he Japanese government plans to postpone the release of its basic policy for the development of casino-featuring integrated resorts, or IRs, until the election in summer for the House of Councillors, the upper chamber of parliament, or later, it was learned Wednesday.
The basic policy, which will define criteria for approving districts for the establishment of casino facilities, will likely be shown "next year," a senior government official said, as reported by Nippon. The government initially considered unveiling the policy as early as summer this year but decided to put off the announcement to prevent its adverse effects on the Upper House election amid lingering concerns among the public over envisaged casino launches in Japan.
The IR introduction law that took effect in July last year calls for establishing a committee to supervise casino resort operators within 18 months of its promulgation. It also stipulates that the basic policy be hammered out within two years.
The administration of Prime Minister Shinzo Abe, also president of the ruling Liberal Democratic Party, pushed back the establishment of the casino management committee as well.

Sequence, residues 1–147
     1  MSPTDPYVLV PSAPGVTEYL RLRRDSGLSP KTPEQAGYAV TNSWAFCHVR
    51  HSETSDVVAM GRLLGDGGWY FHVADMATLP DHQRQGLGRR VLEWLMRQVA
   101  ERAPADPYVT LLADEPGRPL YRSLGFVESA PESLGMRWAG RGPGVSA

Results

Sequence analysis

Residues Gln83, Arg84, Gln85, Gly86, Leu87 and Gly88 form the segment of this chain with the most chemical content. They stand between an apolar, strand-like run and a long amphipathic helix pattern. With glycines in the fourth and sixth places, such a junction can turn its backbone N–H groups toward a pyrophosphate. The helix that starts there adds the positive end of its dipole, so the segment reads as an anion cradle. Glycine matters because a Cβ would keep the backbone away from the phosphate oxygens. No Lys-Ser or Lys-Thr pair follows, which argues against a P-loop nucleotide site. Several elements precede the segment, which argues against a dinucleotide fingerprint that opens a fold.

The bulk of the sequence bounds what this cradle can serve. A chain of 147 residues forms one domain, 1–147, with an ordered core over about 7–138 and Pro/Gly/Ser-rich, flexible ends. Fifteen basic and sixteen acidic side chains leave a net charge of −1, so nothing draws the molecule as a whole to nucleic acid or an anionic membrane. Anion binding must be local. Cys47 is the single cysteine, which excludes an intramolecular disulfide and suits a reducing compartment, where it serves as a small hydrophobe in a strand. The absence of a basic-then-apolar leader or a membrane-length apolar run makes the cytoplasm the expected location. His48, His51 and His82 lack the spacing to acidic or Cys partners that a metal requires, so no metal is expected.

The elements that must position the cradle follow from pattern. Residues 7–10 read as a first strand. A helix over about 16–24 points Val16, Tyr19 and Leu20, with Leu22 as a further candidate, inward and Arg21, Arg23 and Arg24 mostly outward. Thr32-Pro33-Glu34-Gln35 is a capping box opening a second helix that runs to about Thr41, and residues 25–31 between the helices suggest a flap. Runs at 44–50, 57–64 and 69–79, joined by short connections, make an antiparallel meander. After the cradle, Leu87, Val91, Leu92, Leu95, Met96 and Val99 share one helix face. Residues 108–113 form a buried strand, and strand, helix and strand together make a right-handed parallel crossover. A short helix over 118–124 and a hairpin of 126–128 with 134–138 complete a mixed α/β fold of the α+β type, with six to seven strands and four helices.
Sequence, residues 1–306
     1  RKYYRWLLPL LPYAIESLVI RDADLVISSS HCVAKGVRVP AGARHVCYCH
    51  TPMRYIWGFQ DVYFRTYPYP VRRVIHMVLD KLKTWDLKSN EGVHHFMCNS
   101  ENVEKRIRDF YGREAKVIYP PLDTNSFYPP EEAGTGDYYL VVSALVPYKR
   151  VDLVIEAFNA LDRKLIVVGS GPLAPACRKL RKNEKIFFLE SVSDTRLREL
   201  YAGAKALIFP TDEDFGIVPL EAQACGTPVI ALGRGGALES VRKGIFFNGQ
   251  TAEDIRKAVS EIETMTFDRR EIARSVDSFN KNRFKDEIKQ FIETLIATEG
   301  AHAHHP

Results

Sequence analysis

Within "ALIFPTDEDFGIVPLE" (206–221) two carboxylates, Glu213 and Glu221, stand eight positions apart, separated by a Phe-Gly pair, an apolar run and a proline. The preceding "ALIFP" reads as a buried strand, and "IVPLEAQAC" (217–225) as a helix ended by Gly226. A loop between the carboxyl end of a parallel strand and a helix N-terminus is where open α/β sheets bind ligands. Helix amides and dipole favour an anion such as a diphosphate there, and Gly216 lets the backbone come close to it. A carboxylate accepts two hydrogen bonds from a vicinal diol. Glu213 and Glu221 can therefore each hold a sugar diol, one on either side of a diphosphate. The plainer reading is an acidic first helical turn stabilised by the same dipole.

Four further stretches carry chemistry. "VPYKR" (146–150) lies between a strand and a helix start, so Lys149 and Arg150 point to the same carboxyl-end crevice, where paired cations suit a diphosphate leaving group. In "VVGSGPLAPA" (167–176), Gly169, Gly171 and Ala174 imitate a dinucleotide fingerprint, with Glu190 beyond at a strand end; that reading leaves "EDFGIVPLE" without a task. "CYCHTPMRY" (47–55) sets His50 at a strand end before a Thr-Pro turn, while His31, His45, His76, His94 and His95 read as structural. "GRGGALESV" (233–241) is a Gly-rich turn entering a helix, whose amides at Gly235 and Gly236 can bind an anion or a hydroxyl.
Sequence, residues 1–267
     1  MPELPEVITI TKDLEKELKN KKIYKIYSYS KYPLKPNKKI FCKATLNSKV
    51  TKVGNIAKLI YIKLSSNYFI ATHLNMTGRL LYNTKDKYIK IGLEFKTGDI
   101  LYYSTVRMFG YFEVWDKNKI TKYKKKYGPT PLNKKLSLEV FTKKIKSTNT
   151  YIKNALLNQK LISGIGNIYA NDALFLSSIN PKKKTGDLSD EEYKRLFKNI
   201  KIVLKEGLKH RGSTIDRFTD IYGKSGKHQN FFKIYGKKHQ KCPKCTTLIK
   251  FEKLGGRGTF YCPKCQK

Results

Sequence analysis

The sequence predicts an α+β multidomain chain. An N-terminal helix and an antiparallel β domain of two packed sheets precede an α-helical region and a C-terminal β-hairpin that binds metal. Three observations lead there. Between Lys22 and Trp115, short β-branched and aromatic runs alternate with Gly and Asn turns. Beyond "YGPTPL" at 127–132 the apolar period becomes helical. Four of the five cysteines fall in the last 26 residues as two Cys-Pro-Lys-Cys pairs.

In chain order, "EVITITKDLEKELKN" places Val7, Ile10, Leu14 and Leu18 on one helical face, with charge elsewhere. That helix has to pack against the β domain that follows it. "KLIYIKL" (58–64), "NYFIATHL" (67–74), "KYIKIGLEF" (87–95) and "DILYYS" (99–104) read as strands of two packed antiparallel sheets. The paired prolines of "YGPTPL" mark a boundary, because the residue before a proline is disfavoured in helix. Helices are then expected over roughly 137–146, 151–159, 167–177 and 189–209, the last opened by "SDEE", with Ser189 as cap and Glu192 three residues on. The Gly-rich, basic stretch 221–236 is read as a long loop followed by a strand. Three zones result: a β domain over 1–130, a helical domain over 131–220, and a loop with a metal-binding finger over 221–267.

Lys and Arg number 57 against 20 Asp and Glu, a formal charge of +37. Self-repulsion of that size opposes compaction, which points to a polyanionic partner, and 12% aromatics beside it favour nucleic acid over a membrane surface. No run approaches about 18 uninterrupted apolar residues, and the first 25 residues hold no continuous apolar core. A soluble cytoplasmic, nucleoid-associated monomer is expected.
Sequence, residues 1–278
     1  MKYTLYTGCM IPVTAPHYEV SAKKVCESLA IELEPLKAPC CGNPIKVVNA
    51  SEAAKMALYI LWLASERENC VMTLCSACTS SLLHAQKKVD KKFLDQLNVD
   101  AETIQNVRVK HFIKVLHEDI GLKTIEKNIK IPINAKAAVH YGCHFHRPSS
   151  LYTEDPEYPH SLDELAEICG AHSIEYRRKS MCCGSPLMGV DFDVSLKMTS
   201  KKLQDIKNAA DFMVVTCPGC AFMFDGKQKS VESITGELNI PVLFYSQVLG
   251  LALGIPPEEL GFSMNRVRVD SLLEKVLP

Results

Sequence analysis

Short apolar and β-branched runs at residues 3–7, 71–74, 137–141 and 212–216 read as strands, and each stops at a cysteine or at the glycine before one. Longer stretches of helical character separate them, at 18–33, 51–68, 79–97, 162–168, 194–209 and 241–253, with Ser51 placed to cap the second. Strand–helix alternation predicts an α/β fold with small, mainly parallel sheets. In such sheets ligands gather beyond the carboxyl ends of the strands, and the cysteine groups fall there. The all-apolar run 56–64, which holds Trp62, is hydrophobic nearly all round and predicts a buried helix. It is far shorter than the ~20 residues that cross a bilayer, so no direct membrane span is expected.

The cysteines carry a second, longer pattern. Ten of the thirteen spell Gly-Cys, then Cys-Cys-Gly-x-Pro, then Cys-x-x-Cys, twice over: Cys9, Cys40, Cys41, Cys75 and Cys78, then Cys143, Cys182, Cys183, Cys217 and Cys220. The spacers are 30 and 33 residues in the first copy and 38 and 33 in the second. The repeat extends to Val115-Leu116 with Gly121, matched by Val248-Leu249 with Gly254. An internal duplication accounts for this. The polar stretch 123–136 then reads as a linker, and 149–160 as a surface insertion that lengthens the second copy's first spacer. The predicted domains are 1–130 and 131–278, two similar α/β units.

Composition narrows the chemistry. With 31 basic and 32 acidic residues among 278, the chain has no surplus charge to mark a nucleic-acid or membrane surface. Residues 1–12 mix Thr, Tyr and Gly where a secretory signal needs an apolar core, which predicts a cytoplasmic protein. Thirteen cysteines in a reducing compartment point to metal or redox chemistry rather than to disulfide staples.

After obtaining Diet approval, the Prime Minister will appoint five members of the envisaged commission, including its chairman. The government is also considering submitting an appointment plan to the Diet during an extraordinary session this autumn, or later, according to The Japan News.
Local governments hoping to bring casino facilities to their areas need to compile their enforcement policies — with such information as criteria for selecting operators — based on a basic policy, in order to solicit and select business operators. The central government will subsequently approve a development plan compiled by local governments and business operators.
Now with the delay in the announcement of a basic plan, the opening of the casino business will likely be delayed from the previously expected kick-off in 2023 or 2024.